2

I know you are looking for an amount of coffee to add, but actual coffee is not the way to get coffee flavor out of your brew. the coffee bean contains oils which will inhibit your head retention and some other effects. I'm no expert on this topic so do your own research, but I use grains like chocolate malt,and some roasted barley depending on what coffee ...


2

Try starting in the mash or specialty grain to add your coffee flavor. Add some roasted barley to impart that coffee flavor right away. This has given me a good coffee base on many of my brews. Next, cold extract your coffee using the following technique from Radical Brewing: This is a way of getting very smooth coffee flavor to add to your beer. Add ...


2

A friend of mine said he had cold brewed coffee using a french press. This makes it less bitter and you still get a lot of the good coffee flavors [http://www.thenourishinggourmet.com/2012/05/how-to-cold-brew-coffee.html]. Still will have to adjust the overall amount you add though and keep the balance with the hops. His beer he made this way turned out ...


2

You don't want to boil the grains, that will make the beer very harsh and astringent (like tea that has stewed too long.) Looks like you got it backwards - start at 165°F to steep the grains, then remove the grains and then turn on the heat bring the liquid to a boil. You need to steep both the grains and oats in hot water - so that the whole mixture ...


2

Though I admire your efforts tremendously, wouldn't it be easier to go with a more straightforward recipe for your 1st non-kit brew? Just my opinion, but it might help you hone your skills. Vanilla, Coffee, Oatmeal, Milk? All in the same brew? Why not just start with an Oatmeal Stout first?


1

It will mellow some, but not much. I find that when I make a coffee beer recipe I have to do several test batches to get the level of hop bittering correct in order to complement the coffee.


1

You are correct in that there is some ambiguity in that recipe, but it's not where you think it is. Here's the lines from the recipe that concern me: "Coffee was Kona coarse ground beans french pressed and allowed to cool to room temp in press. " "boil 10 min 1lb Coffee" I would take line 1 at face value: take 1lb of Kona coffee (coarse ground), French ...


1

Just one more thing on the subject, i don't think i have seen Black roasted Barley on any Porter recipe and most Stout recipes do.


1

I've not used Horizon, but reviews show that it's not a citrus bomb, but on the whole neutral and clean, with some earthiness and spiciness. To my mind, those qualities are good with stouts. For the aroma addition, I would probably go with Wiliamette or similar hop (Ultra, Tettanger, Hallertau, Crystal, although that's a bit pungent) - Centennial is very ...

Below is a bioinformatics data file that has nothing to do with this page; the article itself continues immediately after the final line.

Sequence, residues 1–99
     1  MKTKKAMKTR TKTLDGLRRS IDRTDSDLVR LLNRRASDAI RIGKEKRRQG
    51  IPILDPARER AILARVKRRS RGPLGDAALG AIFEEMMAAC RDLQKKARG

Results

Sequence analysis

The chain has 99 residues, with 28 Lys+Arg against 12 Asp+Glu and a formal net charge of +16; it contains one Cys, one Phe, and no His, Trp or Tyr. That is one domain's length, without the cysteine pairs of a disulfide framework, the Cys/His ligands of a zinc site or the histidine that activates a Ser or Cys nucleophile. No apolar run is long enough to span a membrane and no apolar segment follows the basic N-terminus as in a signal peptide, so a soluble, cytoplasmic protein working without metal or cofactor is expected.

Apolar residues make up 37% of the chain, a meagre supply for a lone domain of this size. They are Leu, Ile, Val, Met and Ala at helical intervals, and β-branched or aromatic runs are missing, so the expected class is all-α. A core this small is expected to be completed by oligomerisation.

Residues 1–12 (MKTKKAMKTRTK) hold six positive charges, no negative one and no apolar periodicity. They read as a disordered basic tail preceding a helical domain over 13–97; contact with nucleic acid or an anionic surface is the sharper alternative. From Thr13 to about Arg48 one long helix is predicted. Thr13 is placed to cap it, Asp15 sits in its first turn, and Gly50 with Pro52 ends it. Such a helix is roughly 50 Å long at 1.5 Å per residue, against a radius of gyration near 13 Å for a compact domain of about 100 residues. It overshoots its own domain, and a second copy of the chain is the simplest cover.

1

If your brother is a hop head what about doing a Cascadian dark ale (http://www.byo.com/stories/beer-styles/article/indices/11-beer-styles/2072-birth-of-a-new-style-cascadian-dark-ale) like Deschutes Hop in the Dark. I bet that would pair well with your chicory coffee. That way you get the best of all worlds, and the dark and roasted malt wouldn't ...


1

The easiest way to do it is not add flavorings to the fermenter or kettle. Add them after the beer is fermented so you can test and control the amounts. After fermentation, before bottling or kegging, I pour 4 2 oz. samples of the beer. I does each with a different, measured amount of flavoring then taste. I pick the one I like best then scale that amount ...


1

I make up a pot of coffee or two and put it in at bottling time. Two regular strength pots gives my coffee stout a very noticeable flavor. I put one pot in the last time I made the beer and it was a little weak. I think the burnt flavors depend on the kind of coffee you use. Try using a lighter roast. My coffee stout does not have burnt off-flavors.


1

Well, I did it a bit differently. I did a coffee porter, 3 gallons. I put the espresso ground medium roast coffee in the mash. This stuff is like ROCKET FUEL! http://mckenna.tv/brew/?p=272 It was VERY astringent at first, but has mellowed nicely.


1

I have added coffee to porter in the past. The most important thing was to cold brew the coffee, which helps to not release the acids you need to be worried about as well as minimizing oils. I just ground up a bunch of coffee, put it in a clean glass jar with some water and let it sit in the fridge over night. We got the coffee from a local coffee roaster, ...